The Brooklyn Rail

MAY 2011

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MAY 2011 Issue

Suicide by the Bathtub Light


My shrink says that she understands where I’m coming from because she reads the New Yorker. I tell her the New Yorker says nothing about my life. She says okay, then tell me about your life. I tell her that I’m choking on fear. A society controlled by fear. A country glued by fear. Fear of being killed, fear of being raped, fear of not being able to open file attachments. She asks me if I ever think about killing myself. I tell her all the time. She says maybe I need a break. I say fine, I’ll go to Vancouver.


The bathtub in the Victorian Hotel in Vancouver is perfect. Communal, socialist, immaculately white: I picture a German tourist walking into a pool of blood, wrists slashed to the point where the tendons are hanging out like bad wiring. Superior smile on my face, look of a man who has gotten away with something.

I finish shaving and walk back down the hall to my room. There’s a small bed, a wood desk and a gray radiator. Henry Miller Time. I crack one then go over to the window and look down at the heroin dealers. My sources tell me that in contrast to the brown tar heroin in America, the heroin in Vancouver is white and fluffy. I crane my neck out the window to look at the snowy mountains. This has got to be the only city on the planet where you can buy dope and watch people night skiing at the same time.

East Hastings Street, the Grand Union Hotel. They don’t make bars like this anymore: junkies playing keno and watching hockey, faceless guy on pedal steel playing Sad Hank in the corner, a few like me pretending to be more durable than we really are. Not part of anything, not part of nothing. Oh, how there was once a time when there was once a time…

A couple of guys at the bar see me sitting alone and invite me over. There’s a kindness here, a lack of suspicion. Every interaction about two percent nicer, two percent more pleasant. Added up over the course of a day, a week a month, a year—this is a different country. As one pours me a Molson from their pitcher, the other asks me what I’m doing in Vancouver…

I tell them that Americans used to come up here to avoid the draft, but now we just come up here to avoid America.


I Said Good Mornin’ America How Are Ya….Don’t Ya Know Me I’m Your Native Son!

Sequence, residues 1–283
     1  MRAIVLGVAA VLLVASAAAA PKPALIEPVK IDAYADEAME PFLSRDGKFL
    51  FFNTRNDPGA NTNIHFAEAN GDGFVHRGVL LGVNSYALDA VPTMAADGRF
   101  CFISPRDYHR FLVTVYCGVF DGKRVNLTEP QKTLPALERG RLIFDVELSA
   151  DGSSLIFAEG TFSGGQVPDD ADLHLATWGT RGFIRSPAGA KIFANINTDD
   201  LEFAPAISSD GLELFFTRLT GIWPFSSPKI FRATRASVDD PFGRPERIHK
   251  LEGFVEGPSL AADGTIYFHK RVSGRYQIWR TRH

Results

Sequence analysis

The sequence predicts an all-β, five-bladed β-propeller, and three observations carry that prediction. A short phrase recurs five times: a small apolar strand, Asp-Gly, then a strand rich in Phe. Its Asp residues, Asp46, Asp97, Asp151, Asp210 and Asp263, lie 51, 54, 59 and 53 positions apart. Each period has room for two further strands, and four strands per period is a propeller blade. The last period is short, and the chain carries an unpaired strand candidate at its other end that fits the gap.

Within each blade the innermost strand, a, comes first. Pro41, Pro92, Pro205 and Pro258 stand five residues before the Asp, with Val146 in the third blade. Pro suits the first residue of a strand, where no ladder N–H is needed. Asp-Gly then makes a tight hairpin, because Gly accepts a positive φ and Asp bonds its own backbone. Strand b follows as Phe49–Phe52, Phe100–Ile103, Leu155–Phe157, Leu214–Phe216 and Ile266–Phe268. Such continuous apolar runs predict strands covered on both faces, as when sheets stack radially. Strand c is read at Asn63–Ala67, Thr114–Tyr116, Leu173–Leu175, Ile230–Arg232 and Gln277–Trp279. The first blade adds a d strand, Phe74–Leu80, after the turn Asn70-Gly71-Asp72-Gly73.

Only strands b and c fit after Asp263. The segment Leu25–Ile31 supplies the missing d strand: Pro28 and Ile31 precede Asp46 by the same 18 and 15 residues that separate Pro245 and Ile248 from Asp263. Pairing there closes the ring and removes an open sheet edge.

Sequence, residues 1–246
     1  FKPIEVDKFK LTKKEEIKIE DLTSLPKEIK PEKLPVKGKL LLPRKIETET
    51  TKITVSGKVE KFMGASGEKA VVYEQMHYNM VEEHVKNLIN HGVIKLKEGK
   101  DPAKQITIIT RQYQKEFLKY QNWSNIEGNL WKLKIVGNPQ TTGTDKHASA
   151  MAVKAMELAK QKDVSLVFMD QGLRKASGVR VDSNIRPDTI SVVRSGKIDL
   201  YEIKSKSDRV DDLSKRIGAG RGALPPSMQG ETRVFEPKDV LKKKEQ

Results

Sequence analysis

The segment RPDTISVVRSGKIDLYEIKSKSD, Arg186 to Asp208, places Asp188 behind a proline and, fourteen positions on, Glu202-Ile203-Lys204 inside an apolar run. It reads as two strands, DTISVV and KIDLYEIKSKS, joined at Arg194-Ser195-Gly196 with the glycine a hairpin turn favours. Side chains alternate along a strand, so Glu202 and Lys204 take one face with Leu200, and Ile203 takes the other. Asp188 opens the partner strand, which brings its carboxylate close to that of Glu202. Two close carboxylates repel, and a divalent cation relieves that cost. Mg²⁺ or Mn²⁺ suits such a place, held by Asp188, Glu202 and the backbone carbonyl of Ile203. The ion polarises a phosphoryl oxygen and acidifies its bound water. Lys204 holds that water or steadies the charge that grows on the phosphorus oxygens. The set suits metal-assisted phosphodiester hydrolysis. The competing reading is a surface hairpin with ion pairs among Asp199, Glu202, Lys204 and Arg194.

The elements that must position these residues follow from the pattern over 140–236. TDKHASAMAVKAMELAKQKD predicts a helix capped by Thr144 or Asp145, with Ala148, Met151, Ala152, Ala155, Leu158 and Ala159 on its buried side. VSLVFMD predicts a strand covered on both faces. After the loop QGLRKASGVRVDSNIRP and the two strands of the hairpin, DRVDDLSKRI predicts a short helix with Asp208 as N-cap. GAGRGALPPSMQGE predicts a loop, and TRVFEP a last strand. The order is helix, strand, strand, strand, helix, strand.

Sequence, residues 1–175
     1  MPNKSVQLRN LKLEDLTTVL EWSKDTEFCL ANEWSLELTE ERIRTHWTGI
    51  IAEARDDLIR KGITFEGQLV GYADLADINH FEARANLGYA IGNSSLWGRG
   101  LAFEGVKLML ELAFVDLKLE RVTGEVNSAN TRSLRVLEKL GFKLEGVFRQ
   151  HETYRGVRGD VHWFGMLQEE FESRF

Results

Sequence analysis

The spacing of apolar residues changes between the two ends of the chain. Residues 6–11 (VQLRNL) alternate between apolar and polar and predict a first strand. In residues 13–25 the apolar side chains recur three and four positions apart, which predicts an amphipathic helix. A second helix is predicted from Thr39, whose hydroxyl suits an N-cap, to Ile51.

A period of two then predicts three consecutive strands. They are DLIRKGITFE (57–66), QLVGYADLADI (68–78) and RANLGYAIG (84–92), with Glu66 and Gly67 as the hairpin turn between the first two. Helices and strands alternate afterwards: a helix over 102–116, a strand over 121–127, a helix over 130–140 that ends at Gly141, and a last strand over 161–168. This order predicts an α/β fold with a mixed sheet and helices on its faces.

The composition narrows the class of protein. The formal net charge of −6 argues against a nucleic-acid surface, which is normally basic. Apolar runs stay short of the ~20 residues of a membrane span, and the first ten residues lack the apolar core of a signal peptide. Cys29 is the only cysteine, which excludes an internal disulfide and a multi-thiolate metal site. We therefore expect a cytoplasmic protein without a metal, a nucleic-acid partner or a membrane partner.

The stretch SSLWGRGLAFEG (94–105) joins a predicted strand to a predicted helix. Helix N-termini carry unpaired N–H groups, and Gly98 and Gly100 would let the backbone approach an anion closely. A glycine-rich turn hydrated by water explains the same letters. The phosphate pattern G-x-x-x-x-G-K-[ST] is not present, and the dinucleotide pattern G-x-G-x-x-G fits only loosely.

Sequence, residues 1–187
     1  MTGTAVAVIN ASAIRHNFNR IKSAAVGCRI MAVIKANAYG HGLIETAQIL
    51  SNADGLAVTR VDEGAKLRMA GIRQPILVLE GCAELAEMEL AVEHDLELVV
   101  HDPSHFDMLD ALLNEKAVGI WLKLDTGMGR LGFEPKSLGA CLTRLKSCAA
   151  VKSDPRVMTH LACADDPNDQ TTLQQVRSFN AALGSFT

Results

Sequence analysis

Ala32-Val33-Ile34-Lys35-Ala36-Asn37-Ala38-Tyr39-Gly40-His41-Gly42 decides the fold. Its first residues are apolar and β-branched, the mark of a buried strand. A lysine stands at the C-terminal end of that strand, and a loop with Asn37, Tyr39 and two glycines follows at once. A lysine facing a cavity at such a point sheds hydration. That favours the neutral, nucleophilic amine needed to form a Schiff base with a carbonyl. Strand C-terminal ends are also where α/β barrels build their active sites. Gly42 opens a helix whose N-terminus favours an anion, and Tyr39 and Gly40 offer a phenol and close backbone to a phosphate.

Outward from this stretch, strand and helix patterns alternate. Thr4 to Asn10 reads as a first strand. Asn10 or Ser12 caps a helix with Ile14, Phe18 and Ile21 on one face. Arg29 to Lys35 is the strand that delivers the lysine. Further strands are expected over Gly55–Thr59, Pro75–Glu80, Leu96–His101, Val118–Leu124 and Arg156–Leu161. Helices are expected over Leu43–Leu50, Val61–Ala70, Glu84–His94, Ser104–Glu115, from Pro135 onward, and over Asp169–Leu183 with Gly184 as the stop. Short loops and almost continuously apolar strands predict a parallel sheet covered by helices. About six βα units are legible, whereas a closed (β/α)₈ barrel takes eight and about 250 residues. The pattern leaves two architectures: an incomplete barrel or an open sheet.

Yeah right.

Hungover. Go downstairs to breakfast. Miss it by five minutes. Hit the wet and gray streets hungry with my collar up, like that beat kid from The 400 Blows. We all need an image. I look up at the buildings and study the balconies: barbecues, funky blankets, cheap beer, smokes, and other signs of the middle class. The economic balance catches me off guard, goes against the life I know back in the homeland. America has fallen so far behind, that it’s like I’m the poor immigrant now. Eeen mah cuntry America, boutiful places to leev are only for verry verry rich peeples. Eeen mah cuntry America, verry stylleesh places to leev are only for 90-hour-a-week asshole motherfuckers who no piss on you if your head was burning with da fire.

But here you have for regular peoples, yes? Here, the regular peoples geet to have life. This verry deefrent from where I come. Verry verry deefrent. Eeen mah cuntry, we geet zick they say go die like dog in corrner. Eeen mah cuntry, they give guns to these how you say—sheet for heads—who go to mall and shoot everyone. Eeen mah cuntry, everyone scared of each other. Eeen mah cuntry, only few people get to be people and have life– you understand? I like the way you have better. Make me happy, take away my hangover and make me want to marry one of your women so I can stay.

How much to buy a woman from this place you call Manitoba? Eeen mah cuntry, everything have price.


Sitting on the seawall smoking a cigarette with notebook:

In stillness, mist.
In movement, rain.
The texture changes,
the subject remains.
Inside is nausea,
an ocean of pain.
In stillness, mist.
In movement, rain.

I walk around the thumb of Vancouver and get to Yaletown, the upscale section. You can talk about existential meaning, cognitive therapy, reiki, poetry, anti-depressants, growth and self-reflection, but for my money nothing has ever made me like life more and want to kill myself less than getting down in a cool spot with good party people.

I walk into 100 Nights, swank joint with a pumping sexual vibe. Red wine and lipstick. Tight black dresses. Long legs. Designer heels. The kind of scene that some would call disgustingly sexist and bourgeois, but that’s only because they haven’t been laid in five years. The American drag isn’t all about the moral bullshit of the Christian Right—that’s to be expected—but the brutal uptightness of the overeducated Left. No real change can ever come from a group that sees sex as an act of oppression.

The owner comes over and introduces himself: Peter Girges, 31-years old. Burning flame. Rocking out. Crazytalk about everything now. The kind of wunderkind who makes you feel like a jerk for being bored. The drinks and party come our way. I start to feel drunk on life again. The straight up pornography of it. Sweating stinking stallion of existence. The wild glory of being doomed. I don’t live for country. I don’t live for society. I don’t live for political parties. I live for my own truths. My will is my own. My morality is my own. My ideals are my own. My standards are mine. And I will fail, flounder and probably want to kill myself until the day I die, but only a fool would let something as stupid as America put him in a bathtub at the Victorian Hotel—although it would have been perfect.


The Brooklyn Rail

MAY 2011

All Issues